WE HAVE been concerned about the diagnostic terms that colleagues use when describing cardiac disease to their patients. Despite their efforts to be scrupulously honest in their explanations, the technical words they often use may fail to convey an actual understanding of the condition and may indeed mislead the patient and evoke unnecessary and even devastating anxiety.
Physicians can translate medical jargon and understand the physiological state we are trying to describe. Not so our patients. For example, to the laymen the term "heart failure" sounds terrifying and implies a terminal cardiac state. When the physician dispenses digitalis to such a patient and tells him that the "heart muscle is a bit tired and lacks the normal vigor of contraction," the message so transmitted is actually more informative and is certainly less destructive to the patient's morale.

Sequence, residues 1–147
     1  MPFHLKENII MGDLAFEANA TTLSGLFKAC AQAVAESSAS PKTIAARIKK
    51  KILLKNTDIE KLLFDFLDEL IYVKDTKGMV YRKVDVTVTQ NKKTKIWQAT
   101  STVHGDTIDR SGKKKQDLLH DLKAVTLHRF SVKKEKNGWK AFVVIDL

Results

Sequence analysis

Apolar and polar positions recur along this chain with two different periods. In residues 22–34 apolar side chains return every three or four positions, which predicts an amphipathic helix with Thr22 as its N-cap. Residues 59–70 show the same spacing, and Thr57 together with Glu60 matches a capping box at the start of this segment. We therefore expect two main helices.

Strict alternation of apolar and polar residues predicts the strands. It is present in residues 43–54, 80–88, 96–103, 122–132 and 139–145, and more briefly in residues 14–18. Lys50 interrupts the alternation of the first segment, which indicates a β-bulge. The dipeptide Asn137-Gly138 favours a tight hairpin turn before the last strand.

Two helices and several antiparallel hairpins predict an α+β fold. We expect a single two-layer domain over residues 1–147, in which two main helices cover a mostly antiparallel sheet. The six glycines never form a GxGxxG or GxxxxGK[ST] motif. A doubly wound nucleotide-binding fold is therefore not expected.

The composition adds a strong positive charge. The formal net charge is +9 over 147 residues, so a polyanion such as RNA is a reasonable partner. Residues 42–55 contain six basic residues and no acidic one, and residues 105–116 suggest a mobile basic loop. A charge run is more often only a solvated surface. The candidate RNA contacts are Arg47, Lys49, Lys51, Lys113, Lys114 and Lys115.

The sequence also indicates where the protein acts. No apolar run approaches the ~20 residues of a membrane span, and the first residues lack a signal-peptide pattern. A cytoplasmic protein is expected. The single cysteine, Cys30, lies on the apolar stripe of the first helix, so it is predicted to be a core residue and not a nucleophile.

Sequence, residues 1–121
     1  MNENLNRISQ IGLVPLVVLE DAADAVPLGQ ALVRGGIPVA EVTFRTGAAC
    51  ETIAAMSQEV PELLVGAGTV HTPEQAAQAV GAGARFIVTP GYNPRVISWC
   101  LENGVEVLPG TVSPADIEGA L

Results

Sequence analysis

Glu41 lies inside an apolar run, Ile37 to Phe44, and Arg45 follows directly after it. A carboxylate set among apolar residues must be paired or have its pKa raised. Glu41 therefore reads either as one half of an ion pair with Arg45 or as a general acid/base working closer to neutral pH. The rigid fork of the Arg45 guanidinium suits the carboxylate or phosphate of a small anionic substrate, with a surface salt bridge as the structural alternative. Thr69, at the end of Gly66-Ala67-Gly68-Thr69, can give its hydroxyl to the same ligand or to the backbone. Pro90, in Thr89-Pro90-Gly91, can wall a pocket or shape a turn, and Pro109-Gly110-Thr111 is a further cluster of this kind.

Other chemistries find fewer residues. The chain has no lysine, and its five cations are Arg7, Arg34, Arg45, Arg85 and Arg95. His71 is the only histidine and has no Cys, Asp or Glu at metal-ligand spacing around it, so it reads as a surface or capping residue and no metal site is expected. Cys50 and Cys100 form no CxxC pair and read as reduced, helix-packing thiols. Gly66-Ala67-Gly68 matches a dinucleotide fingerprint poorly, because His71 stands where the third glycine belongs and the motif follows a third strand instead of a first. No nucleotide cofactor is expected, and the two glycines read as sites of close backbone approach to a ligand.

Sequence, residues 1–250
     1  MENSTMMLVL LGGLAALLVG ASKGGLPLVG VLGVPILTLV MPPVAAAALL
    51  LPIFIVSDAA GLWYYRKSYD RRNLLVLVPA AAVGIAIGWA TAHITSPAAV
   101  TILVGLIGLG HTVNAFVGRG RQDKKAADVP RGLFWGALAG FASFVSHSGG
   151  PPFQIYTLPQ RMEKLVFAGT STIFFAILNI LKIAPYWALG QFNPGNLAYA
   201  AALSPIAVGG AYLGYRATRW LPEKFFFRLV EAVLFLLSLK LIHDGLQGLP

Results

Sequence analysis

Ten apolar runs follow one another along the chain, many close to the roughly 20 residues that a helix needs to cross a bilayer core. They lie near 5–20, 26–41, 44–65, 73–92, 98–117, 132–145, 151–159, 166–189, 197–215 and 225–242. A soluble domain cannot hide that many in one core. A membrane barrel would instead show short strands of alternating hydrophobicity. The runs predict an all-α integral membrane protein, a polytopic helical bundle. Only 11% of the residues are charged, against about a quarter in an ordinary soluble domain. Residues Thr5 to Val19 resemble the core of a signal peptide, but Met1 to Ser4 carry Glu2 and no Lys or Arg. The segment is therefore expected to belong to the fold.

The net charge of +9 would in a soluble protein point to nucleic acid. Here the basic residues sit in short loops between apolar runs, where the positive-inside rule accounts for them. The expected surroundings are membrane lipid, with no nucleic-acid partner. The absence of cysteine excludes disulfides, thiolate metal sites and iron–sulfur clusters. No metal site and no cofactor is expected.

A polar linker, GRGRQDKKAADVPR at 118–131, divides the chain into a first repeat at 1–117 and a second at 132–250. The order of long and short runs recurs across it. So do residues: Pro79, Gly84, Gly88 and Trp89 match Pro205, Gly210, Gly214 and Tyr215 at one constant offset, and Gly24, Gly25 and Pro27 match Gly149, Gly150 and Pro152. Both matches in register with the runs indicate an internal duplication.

"Heart block" is another term that is widely misinterpreted. To the physician, this
Blacher RS, Levine HJ. The Language of the Heart. JAMA. 1976;236(15):1699. doi:10.1001/jama.1976.03270160021021